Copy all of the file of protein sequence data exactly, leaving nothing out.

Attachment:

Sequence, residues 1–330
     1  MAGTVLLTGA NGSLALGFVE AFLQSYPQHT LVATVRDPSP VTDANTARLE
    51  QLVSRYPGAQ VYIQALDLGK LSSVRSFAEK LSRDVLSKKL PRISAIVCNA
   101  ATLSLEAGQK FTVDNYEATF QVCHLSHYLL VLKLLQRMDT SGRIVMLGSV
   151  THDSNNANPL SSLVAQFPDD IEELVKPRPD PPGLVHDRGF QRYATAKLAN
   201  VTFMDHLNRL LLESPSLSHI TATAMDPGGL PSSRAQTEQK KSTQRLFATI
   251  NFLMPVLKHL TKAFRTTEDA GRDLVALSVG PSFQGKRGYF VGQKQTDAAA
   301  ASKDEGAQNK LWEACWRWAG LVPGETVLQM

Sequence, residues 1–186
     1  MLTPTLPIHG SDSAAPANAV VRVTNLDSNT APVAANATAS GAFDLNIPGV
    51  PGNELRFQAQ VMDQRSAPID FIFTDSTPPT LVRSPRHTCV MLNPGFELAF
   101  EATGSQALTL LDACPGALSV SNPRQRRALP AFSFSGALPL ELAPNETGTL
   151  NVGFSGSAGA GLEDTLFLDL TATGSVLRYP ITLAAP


Sequence, residues 1–330
     1  MAGTVLLTGA NGSLALGFVE AFLQSYPQHT LVATVRDPSP VTDANTARLE
    51  QLVSRYPGAQ VYIQALDLGK LSSVRSFAEK LSRDVLSKKL PRISAIVCNA
   101  ATLSLEAGQK FTVDNYEATF QVCHLSHYLL VLKLLQRMDT SGRIVMLGSV
   151  THDSNNANPL SSLVAQFPDD IEELVKPRPD PPGLVHDRGF QRYATAKLAN
   201  VTFMDHLNRL LLESPSLSHI TATAMDPGGL PSSRAQTEQK KSTQRLFATI
   251  NFLMPVLKHL TKAFRTTEDA GRDLVALSVG PSFQGKRGYF VGQKQTDAAA
   301  ASKDEGAQNK LWEACWRWAG LVPGETVLQM

Sequence, residues 1–186
     1  MLTPTLPIHG SDSAAPANAV VRVTNLDSNT APVAANATAS GAFDLNIPGV
    51  PGNELRFQAQ VMDQRSAPID FIFTDSTPPT LVRSPRHTCV MLNPGFELAF
   101  EATGSQALTL LDACPGALSV SNPRQRRALP AFSFSGALPL ELAPNETGTL
   151  NVGFSGSAGA GLEDTLFLDL TATGSVLRYP ITLAAP